In 2013, the annual consultation of Commonwealth National Women’s Machineries was convened under the theme ‘Women’s Leadership for Democracy and Development’. The meeting enabled Commonwealth members to share and contribute to knowledge on reducing barriers to leadership across the Commonwealth and yielded strategies to strengthen women’s leadership, including institutionalising mechanisms to advance women’s political participation. Members also developed Commonwealth gender priorities contributing to the Post-2015 Development Agenda. Prior to the meeting, the Secretariat convened a joint session with the African Union’s Directorate of Women, Gender and Development, which focuses focusing on women’s leadership concerns and promoting government–civil society partnerships for inclusive and sustainable development. Participants at the session acknowledged similar challenges and collective efforts to strengthen women’s political and economic development.
The Secretariat commissioned research on the impact of women’s political leadership on democracy and development in Rwanda. The research was validated at a multi-stakeholder forum to identify specific mechanisms for universal application across the Commonwealth, and explored the role of Rwanda in advancing the model across the Commonwealth and globally.
In 2013, the Secretariat convened a Women’s Business Forum in partnership with the Commonwealth Business Council and Commonwealth Business Women’s Network. During the launch of the Commonwealth Business Women’s Leadership Group in Sri Lanka, the Secretariat collaborated with the Commonwealth Business Women’s Network and set up the Commonwealth Businesswomen Business Xchange Platform on Commonwealth Connects.
In 2013, the Secretariat followed up on 10WAMM and CHOGM with important initiatives on women, business and trade. The Secretariat prepared a policy brief on National Women’s Machineries for the CHOGM Business Forum, which was attended by representatives of over 48 Commonwealth countries.
Getting more women onto the boards of corporations is a Commonwealth priority. The Secretariat commissioned a study of women in leadership to establish baseline data on the proportion of women serving in civil services and on state-owned enterprises and corporate boards across the Commonwealth. The Secretariat developed a roadmap and co-ordinated responses to strengthen women’s economic empowerment, also encouraging women across the Commonwealth to join the ‘Global Board Ready Women’ database initiative. Information briefs were developed and circulated among National Women’s Machineries and professional women’s networks.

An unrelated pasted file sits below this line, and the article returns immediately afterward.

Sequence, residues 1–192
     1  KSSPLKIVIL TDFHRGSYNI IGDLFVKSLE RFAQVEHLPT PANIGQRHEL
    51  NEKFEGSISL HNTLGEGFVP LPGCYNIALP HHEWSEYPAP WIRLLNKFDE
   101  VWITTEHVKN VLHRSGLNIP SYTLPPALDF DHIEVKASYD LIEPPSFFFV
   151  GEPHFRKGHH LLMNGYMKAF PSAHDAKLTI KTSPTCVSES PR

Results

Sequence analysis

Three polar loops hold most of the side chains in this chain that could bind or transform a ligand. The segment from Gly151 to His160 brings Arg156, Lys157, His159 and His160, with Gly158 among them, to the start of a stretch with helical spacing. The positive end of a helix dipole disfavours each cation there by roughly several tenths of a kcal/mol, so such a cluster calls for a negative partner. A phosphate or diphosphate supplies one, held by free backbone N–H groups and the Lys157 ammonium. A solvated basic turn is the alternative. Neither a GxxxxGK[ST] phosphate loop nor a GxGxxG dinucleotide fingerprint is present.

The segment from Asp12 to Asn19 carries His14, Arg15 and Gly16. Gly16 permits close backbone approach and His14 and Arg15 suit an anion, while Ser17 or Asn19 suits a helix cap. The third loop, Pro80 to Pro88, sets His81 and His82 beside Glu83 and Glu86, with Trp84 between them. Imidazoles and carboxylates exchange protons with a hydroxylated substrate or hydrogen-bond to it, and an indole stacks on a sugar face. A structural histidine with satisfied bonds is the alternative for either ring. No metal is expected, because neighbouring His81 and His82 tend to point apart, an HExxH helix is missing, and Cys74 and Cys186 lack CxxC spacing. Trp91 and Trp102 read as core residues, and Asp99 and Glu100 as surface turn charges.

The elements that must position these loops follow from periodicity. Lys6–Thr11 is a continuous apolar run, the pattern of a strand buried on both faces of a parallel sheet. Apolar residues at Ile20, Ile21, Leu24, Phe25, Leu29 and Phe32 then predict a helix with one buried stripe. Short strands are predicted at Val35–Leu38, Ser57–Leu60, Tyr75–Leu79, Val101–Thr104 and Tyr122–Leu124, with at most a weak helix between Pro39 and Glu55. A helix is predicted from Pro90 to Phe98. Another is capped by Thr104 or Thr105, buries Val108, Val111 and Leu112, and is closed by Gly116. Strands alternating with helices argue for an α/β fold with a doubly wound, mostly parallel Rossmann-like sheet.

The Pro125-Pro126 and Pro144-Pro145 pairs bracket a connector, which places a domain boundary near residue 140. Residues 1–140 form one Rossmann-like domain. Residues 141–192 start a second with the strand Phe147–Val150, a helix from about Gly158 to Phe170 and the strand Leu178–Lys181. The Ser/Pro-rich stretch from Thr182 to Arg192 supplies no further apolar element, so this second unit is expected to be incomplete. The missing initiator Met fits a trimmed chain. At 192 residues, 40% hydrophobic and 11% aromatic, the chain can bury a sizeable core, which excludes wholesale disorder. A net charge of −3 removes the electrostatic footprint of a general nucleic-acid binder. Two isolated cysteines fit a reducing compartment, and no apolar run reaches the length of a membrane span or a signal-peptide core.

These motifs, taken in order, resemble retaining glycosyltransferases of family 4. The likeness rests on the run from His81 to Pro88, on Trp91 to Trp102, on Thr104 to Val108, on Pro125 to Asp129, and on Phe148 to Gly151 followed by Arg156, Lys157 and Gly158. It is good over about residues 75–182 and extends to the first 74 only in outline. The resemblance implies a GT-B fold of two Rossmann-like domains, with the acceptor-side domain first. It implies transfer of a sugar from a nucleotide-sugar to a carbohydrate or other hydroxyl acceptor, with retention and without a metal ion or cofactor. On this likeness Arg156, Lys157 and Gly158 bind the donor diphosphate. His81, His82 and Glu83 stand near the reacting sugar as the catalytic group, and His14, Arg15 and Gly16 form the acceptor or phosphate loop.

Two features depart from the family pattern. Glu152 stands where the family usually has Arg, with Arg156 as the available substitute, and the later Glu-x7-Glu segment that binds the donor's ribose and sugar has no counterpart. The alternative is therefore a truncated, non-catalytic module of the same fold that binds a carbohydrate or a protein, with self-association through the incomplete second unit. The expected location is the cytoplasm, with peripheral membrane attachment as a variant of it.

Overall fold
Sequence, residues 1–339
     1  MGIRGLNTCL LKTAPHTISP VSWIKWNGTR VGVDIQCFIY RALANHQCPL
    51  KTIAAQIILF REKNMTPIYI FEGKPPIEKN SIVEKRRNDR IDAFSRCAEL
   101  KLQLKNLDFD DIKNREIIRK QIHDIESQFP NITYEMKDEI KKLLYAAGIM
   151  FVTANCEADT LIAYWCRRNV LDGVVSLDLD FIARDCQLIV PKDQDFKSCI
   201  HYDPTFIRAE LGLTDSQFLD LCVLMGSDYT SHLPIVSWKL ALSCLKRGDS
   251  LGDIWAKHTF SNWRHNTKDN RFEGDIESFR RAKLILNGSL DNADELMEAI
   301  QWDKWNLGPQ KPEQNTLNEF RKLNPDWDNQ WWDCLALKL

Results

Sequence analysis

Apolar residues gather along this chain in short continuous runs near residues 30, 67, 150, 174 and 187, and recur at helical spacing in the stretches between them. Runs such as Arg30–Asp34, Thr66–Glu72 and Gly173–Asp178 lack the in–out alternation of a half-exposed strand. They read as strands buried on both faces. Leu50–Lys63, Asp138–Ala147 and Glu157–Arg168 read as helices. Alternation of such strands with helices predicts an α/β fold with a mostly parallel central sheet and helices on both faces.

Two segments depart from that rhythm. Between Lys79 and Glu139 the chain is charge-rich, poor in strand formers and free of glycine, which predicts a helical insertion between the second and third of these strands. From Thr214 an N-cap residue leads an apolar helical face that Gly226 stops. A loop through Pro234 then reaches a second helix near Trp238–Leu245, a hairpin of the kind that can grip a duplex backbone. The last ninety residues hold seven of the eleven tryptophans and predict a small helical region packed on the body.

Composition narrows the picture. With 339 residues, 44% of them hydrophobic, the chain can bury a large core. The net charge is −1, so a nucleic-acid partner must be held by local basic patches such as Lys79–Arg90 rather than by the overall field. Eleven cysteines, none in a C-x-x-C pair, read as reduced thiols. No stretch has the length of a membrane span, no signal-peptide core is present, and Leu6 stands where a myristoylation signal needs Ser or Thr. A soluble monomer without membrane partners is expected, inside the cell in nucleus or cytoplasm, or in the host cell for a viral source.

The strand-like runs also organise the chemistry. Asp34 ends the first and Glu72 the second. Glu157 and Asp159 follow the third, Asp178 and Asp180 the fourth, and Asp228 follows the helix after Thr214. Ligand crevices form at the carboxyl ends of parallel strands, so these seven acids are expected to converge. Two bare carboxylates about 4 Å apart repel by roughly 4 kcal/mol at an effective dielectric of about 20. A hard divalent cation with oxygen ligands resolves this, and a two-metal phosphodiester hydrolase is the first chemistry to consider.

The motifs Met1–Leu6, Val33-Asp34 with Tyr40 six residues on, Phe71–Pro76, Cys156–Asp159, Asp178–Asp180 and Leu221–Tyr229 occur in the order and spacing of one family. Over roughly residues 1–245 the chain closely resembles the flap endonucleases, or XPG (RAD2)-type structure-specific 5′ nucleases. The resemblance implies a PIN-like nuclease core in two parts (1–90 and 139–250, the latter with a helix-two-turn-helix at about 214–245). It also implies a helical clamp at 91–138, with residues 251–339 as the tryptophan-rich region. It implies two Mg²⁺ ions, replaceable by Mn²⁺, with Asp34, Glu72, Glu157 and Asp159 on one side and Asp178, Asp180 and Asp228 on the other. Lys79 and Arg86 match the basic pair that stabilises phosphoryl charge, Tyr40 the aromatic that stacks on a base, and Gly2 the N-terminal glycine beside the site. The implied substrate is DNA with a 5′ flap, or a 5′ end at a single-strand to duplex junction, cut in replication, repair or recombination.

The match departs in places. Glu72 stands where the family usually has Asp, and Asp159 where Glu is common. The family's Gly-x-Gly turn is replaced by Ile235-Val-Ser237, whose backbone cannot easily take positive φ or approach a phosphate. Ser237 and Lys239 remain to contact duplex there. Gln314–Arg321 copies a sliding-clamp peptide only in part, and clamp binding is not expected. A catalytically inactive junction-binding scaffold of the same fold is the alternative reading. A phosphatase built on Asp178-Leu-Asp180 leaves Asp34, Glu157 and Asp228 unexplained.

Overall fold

In March 2014, at the Secretariat-facilitated National Women’s Machineries meeting, delegates shared case studies on national initiatives. Businesswomen offered practical advice on incorporating gender issues into global value chains and increasing women’s access to finance. Before the meeting, the Secretariat arranged a roundtable on gender and procurement. In June 2015 after concluding the baseline research on women in leadership, the Secretariat partnered with the International Labour Organization and UN Women’s regional office in Nairobi to hold an advocacy event on increasing women’s participation at higher levels of decisionmaking in the public and private sector.
The Commonwealth Secretariat distributed guidelines on how to mainstream gender into project planning to all staff, and further provided training and technical advice for several divisions. Work is ongoing with divisions with the aim that all Secretariat programmes and policies will incorporate clear indicators for progress on gender equality. On the Vacancies section of the Secretariat’s website, gender equality is clearly articulated as a core Commonwealth value and links are provided to the Commonwealth Charter and the institutional Gender Equality Policy. Gender equality principles and approaches are included in a number of policies in the new Staff Handbook and in person specifications for Secretariat recruitment.